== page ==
By this point, we all would have heard of the General Data Protection Regulation (GDRP) coming out of the EU. Similar regulations have been enforced in different jurisdictions while many others are pending. Regulations such as the CPRA, CPA, PIPEDA, PDPA among others. All of which are extraterritorial regulations which simply means that they are valid across all jurisdictions. There is a common misconception that privacy is an IT or Security issue, which could not be further from the truth. Privacy is an organization-wide issue and Marketing, Sales and Customer Service are all warriors on the front-line. Almost all privacy regulations stipulate some basic rights, all of which affect how we engage with our customers. Some of these rights include:
Right to Consent – Access to process personally identifiable data must be clear and intentionally given.
Right to Data Protection – Personally identifiable data should be protected with adequate and effective security controls.
Right to Access and Rectification– Individuals should be able to, upon request, review all information collected and to correct where applicable.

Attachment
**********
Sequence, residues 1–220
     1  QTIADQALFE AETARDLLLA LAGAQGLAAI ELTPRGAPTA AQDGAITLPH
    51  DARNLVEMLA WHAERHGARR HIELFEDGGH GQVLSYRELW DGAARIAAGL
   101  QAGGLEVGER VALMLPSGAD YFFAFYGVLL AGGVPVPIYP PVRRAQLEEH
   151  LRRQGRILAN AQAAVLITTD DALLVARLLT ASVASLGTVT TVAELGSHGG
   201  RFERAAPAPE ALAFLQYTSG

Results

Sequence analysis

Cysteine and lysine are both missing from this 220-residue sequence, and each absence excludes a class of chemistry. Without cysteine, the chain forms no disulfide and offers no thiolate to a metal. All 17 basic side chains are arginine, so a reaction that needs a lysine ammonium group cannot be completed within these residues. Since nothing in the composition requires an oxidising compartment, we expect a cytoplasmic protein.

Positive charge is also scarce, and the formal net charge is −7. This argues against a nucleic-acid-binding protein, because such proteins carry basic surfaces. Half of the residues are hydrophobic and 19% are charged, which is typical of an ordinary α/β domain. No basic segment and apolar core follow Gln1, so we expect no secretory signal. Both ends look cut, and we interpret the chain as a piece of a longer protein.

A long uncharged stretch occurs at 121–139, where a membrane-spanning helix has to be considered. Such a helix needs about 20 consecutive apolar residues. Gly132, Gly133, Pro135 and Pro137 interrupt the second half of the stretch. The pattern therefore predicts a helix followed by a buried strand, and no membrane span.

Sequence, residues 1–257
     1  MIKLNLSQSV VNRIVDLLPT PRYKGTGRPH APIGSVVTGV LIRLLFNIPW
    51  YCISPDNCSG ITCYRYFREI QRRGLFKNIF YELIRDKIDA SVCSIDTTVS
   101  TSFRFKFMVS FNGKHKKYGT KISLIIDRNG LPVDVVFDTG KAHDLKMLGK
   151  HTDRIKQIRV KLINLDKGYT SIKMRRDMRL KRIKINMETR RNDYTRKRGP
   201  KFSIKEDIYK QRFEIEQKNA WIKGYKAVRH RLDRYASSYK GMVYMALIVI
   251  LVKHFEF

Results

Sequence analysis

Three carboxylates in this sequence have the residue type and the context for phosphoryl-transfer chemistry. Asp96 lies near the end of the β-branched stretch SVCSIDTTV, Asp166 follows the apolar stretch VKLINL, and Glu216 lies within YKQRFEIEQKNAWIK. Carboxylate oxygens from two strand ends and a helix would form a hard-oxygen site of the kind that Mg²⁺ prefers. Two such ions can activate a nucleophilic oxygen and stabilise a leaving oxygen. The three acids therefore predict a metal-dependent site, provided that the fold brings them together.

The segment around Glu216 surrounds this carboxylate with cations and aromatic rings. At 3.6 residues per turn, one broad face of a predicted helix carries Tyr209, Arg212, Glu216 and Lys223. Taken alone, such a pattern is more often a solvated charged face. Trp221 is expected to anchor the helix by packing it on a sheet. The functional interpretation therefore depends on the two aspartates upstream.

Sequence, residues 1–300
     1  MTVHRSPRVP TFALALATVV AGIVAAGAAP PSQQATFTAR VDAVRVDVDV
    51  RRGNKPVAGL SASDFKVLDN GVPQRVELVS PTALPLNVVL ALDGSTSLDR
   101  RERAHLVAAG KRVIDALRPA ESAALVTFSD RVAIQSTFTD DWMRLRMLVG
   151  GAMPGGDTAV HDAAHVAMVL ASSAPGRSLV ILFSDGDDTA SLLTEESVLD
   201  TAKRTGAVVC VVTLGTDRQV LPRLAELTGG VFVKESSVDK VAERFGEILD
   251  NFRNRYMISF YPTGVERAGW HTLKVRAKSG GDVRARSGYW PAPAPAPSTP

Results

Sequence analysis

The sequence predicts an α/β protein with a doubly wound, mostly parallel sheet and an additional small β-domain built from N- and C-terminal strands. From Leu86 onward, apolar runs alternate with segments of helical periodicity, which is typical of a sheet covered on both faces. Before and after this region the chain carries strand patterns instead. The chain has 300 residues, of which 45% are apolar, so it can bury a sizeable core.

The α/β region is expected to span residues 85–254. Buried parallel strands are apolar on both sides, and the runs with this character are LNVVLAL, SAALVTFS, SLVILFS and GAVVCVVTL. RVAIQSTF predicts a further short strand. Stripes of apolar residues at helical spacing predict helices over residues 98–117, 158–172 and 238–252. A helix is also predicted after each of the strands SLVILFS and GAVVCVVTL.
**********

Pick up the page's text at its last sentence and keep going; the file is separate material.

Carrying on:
Right to be Forgotten – All data that has been collected should be permanently deleted upon legal request including archived data.
All four concepts above in addition to others not named here, places the responsibility of data collection, protection and use squarely in the hands of the organization despite how it may have been obtained. With this responsibility comes very large fines for the misuse or inability to adequately protect this critical data. For us Business development practitioners, this creates a bottle-neck of competing interests. No longer can we store or use customer information without clear legal interest that matches the use of data to the purpose for which it was collected.